A general election special from the Brexit Civil Society Alliance, going over what to look out for in the campaign and what might be coming down the line.
After months of political gridlock, MPs have now approved a general election on Thursday 12th December.
This means that all Brexit bills including the Withdrawal Agreement Bill (WAB) have been dropped as the Parliamentary session now ends. This is the same session that has just been started by the Queen’s speech a few weeks ago.
If the Conservative party win enough seats and become the governing party again it is safe to assume that Johnson’s deal will return to Parliament in the form of the WAB. We don’t know if this will be the case for any of the Brexit bills mentioned in the recent Queen’s speech.
Key things to look out for in the campaign are any promises around the European Settlement Scheme or UK Shared Prosperity Fund (UKSPF). This government has previously promised to set up the UKSPF to replace EU funding after the UK leaves the EU. However, we have seen little to no progress on this. It is, therefore, worth keeping an eye out for developments on promises on this from all the political parties.
Dates for your diary
November 6th – Parliament dissolved
Week beginning November 18th – Likely launch of manifestos
November 25th – Voter registration deadline
December 12th – Polling day
New Parliament means new MPs. With this parliament ending, we are seeing the retirement of many senior MPs, such as Ken Clarke the Father of the House. We will see some MPs defeated too. Meanwhile, the snap nature of this election means there will be some candidates picked by parties in a hurry who could be untested novices. In preparations for any parliamentary work you may do in the new year you should be aware of these changes to the makeup of parliament.
All this change means we will likely have a parliament with significantly less institutional knowledge. This is incredibly important when it comes to scrutiny. New inexperienced MPs won’t want to rock the boat, will be looking to their parties for guidance, and simply won’t know their way around the complex parliament rulebook. And if there is one thing the departing Parliament became very skilled at through the last years, is knowing how to use parliamentary procedure to hold the Executive to account.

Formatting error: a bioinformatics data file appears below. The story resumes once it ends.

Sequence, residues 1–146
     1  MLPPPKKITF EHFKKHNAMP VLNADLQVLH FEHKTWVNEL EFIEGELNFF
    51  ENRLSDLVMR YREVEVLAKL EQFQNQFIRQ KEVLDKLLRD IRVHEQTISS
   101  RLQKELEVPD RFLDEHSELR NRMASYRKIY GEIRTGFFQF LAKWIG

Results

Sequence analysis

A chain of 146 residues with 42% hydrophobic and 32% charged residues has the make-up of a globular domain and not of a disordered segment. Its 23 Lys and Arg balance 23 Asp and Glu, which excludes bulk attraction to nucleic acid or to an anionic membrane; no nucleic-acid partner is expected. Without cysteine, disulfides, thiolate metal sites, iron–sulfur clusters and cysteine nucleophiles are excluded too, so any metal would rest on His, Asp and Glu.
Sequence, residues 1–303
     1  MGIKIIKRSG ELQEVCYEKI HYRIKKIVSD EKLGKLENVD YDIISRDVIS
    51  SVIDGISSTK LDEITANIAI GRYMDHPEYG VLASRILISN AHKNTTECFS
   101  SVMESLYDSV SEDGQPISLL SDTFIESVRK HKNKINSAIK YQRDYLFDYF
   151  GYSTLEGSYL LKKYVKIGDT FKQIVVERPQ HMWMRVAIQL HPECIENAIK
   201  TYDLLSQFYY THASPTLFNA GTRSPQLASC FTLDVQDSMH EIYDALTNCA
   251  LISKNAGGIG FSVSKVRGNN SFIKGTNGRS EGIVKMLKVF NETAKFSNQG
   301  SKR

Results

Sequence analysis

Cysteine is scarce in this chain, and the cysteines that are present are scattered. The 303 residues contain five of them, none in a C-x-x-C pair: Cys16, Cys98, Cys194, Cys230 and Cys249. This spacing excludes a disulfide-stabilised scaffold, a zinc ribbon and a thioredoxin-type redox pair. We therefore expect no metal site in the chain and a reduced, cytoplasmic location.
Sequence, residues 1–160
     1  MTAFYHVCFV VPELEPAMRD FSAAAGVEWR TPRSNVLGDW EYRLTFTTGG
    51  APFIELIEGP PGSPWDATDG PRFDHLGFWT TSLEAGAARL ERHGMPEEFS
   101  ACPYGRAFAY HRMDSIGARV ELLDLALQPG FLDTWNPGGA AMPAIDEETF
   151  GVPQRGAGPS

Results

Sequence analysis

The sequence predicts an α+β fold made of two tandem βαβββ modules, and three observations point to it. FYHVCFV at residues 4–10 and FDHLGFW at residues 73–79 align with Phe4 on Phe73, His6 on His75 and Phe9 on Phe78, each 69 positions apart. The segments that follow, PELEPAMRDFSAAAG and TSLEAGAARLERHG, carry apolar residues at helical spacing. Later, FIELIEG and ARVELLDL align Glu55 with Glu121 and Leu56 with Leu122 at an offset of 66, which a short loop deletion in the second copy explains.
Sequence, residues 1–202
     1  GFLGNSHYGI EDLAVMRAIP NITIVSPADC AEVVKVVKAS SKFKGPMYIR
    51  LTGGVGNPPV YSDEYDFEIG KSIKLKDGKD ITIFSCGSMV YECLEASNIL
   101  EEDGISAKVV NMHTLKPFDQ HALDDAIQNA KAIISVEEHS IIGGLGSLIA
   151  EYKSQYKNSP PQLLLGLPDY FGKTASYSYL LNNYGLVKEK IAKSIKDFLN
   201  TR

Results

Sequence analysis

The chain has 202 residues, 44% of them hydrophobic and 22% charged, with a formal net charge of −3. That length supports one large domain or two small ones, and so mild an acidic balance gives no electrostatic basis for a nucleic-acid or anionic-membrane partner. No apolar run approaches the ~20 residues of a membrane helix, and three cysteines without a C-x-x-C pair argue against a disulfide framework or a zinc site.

Furthermore, the momentous legislative task of preparing the UK to leave the EU has always meant that powers to make secondary legislation would be needed. But with new MPs lacking institutional knowledge of intricate parliamentary procedures, the chances of secondary legislation slipping through without proper scrutiny are increased.
Meanwhile, if the Conservatives win a majority (they are currently ahead in the polls)expect to see a return of the Withdrawal Agreement Bill. This is a critical piece of legislation and we have covered it in more detail here. The election gives organisations a chance to prepare for this (if you’re not campaigning). I would expect it to be rushed through in this circumstance too.
If Labour win a majority their policy is to go for a new deal and then a referendum on that deal. The danger for scrutiny here is that MPs will therefore likely be focused on the referendum rather than the deal. If Labour negotiates a new deal, it is equally crucial that enough time is given for parliamentarians and external stakeholders to scrutinise it.
Remember that a no-deal Brexit is still the legal default. As has always been the case, the only way to prevent a no-deal Brexit is for a deal to pass or Article 50 to be revoked. The electorate is incredibly volatile at the moment, according to psephologists, therefore it is entirely plausible that they will return a hung parliament. As we have seen with the current parliament, it is easier to agree on what everyone is against but impossible to find something everyone is in favour of. Unless the above preconditions are met and MPs legislative to stop no deal once they return, we could see the UK crashed out on the 31st January 2020 accidentally. A 100 organisations have set out their concerns with a no-deal Brexit, read the letter and sign up here. Crucially, if you’ve not already done so, it is crucial that you map out what that will mean for your organisations, use our no-deal preparation guide available here